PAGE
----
23. An Irish Clergyman Founded The Presbyterian Church In U.S

Born and raised in the Northern Ireland, Francis Makemie enrolled for his studies at Glasgow University and later ordained to become a clergyman in 1682. In 1683, he was sent as a missionary priest to Maryland, America, where he founded the Pioneer Presbyterian community. He built the Rehoboth Presbyterian Church in Maryland that stands as the oldest of all Presbyterian churches in America. Also, he participated in the establishment of the churches in Princess Anne, Pocomoke City, Virginia, Berlin, and Salisbury.

24. Mack Sennett: The Comedic Prodigy Duped “The King Of Comedy”, Was An Irish American

Image Source: Vimeo

Born of Irish Catholic parents in Quebec, Canada in 1880. His parents moved to Richmond,

Virginia where his father was hired as an innkeeper. After securing financial help from Adam Kessel and Charles Bauman, he established the Keystone studios where several actors began their film production. He left the Keystone studios for his own Corporation where he continued producing short films whose demand rose in1920’s. He was nominated for several awards and with his film “Wrestling Swordfish” winning the in Novelty section.

25. The Immigrant That First Entered Ellis Island Was Irish

The Ellis Island opened its operations in 1892 as the immigration station for then federal authority. Before 1890, all immigrants from the European countries,27 Canada, Asia and Scandinavian states entered through New York Port and the Castle Garden. In a span of 60 years, more than twelve million immigrants had passed through the Ellis Island. At the age of 15, Annie Moore, an Irish immigrant was the first to go through the newly Commissioned port of entry. Today, it is estimated that about 40% of the total US population traces one of its ancestors to Ellis Island.

Related Content: Learning About The US – Ellis Island America’s Front Door

26. Mary Harris Jones: the Mother Of American And Global Labor Movements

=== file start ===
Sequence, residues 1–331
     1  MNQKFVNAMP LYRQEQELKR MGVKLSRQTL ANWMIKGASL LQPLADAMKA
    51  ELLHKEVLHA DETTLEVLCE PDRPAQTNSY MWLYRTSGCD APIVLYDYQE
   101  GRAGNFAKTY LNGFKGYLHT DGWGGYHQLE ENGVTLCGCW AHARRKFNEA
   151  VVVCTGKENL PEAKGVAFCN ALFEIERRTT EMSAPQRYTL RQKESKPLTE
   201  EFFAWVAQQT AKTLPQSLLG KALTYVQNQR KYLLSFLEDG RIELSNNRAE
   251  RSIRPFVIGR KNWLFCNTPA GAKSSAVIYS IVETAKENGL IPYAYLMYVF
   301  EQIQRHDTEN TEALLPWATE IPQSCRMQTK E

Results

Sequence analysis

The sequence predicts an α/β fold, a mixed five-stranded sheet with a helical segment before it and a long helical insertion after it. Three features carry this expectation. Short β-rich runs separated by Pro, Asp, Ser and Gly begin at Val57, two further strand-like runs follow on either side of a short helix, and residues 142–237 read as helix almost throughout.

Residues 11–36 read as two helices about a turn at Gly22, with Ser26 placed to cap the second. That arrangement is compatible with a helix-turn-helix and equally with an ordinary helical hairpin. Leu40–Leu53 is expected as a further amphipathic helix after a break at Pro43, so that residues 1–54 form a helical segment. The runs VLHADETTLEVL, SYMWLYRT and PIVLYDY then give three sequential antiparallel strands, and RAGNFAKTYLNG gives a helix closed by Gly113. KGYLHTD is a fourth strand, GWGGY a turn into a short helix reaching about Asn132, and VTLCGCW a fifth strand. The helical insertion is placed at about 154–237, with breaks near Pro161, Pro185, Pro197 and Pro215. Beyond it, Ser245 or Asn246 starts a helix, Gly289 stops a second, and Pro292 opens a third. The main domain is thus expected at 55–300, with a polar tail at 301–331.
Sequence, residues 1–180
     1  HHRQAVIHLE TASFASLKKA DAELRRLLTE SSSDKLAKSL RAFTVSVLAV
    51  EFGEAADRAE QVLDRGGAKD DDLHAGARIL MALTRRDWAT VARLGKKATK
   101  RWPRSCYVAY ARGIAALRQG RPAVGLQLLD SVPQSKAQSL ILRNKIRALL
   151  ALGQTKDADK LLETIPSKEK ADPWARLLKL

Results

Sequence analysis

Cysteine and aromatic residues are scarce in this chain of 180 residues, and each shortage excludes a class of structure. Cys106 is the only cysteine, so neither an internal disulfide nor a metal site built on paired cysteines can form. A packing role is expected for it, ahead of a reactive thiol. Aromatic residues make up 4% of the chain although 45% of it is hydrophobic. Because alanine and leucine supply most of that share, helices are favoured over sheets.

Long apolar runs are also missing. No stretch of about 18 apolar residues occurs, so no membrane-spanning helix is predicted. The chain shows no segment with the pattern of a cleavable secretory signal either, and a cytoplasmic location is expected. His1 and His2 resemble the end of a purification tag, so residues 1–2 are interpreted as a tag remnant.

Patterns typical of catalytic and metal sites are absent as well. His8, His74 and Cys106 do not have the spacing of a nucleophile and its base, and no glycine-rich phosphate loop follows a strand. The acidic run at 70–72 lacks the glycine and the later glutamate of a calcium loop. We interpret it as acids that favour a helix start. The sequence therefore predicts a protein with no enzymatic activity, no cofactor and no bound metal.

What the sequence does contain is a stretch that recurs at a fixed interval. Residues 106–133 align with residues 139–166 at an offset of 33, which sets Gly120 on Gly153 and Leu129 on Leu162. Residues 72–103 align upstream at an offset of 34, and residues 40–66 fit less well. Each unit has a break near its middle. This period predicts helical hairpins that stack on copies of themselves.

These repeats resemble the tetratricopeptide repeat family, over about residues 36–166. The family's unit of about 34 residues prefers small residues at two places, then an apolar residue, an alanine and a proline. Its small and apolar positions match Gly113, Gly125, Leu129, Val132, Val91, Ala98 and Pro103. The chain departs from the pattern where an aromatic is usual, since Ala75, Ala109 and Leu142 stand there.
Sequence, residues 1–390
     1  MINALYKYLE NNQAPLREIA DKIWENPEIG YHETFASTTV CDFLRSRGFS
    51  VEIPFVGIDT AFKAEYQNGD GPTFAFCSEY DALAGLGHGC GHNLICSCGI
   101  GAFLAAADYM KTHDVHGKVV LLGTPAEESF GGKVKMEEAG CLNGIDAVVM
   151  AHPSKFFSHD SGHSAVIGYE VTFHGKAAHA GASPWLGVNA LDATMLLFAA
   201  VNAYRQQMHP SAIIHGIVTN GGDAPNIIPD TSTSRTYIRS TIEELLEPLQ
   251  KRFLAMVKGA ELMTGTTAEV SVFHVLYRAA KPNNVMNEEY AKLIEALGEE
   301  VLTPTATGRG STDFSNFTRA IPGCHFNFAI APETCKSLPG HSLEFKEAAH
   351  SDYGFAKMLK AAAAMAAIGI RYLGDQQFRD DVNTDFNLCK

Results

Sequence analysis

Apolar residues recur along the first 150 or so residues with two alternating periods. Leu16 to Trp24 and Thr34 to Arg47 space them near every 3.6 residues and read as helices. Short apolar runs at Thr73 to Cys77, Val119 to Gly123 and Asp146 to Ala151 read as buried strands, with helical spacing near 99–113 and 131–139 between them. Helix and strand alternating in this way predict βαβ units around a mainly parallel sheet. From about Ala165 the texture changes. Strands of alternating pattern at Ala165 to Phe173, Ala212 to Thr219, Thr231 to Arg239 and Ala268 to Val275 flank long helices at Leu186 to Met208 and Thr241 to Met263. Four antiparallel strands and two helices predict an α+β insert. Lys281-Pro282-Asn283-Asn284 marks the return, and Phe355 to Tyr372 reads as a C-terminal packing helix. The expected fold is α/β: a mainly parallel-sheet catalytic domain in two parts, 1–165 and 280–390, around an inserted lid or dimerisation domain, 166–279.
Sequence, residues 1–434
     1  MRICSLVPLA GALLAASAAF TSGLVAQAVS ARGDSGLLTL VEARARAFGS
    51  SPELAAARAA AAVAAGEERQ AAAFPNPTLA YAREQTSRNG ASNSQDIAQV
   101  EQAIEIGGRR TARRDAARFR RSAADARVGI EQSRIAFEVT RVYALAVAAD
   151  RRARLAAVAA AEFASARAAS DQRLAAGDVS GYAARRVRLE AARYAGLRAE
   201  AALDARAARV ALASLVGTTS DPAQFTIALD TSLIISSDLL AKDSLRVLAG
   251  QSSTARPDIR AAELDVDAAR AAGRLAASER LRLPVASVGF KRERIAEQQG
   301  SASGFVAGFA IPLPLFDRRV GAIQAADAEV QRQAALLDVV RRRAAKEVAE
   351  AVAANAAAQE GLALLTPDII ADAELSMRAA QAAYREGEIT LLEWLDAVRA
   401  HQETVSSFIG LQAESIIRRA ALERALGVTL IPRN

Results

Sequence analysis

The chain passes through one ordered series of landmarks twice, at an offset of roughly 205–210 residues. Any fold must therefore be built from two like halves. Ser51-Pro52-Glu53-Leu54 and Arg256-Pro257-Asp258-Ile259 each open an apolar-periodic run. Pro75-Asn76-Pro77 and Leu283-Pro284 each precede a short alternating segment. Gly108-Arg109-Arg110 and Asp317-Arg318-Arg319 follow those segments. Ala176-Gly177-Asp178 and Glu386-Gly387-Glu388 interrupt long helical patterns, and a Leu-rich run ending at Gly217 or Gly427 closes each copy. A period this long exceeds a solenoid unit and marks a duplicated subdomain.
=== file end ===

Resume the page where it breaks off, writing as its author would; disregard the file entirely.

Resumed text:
Image Source: Fine Art America

As the Irish in Ireland continued to languish in absolute poverty in the 19th and early 20th century, America experienced immense economic growth. The industrial revolution increased demand for technical and manual laborers prompting a new wave of Irish immigrants to fill up the job vacancies. It explains why most of the Irish settlements were in the urban areas where they could easily secure employment.

However, their arrival did not go well with the established ethnic groups as they were ready to work for low wages making them preferable for the employers. As if not enough, they were subjected deplorable working conditions that claimed hundreds of workers life, while the meager earnings did little to support the expensive urban life. In an attempt to fight for better pay and conducive working environment, Marry Harris Jones steered the formation of the pioneer labor movements, which later grew to become global outfits.

Related Content: 9 Signs of Discrimination Irish Americans Were Subjected To

27. James Hoban: The Irish Man Who Designed The White House

Image Source: Coin and Stamp Gallery

Located in Washington, White House is the official domicile of any sitting American president. The monumental structure was designed in 1792 when the George Washington invited a team of architects to create the premise. James Hoban, an Irish-born, and Educated Architect won the competition and built the first that was destroyed in 1814. His dedication was manifested when he offered to redesign the fallen structure. Other than the design phase, most of the construction work was handled by the Irish immigrant workers. (White House History)

28. Matthew Brady, An Irish Historian And Photojournalist, Documented the American Civil War

Image Source: Wikipedia

Have you ever imagined how it would be if no one recorded the historical moments? Perhaps the heritage would appear imaginary. The early recording equipment may not have given the state of the art videos and images, but it provided the leverage for the future historians. While the American Civil War falls second after the Revolutionary battle, the photojournalist behind the nostalgic images was an Irish American- Mathew Brady.

29. The Peak of Irish Immigration Occurred Between 1845 and 1851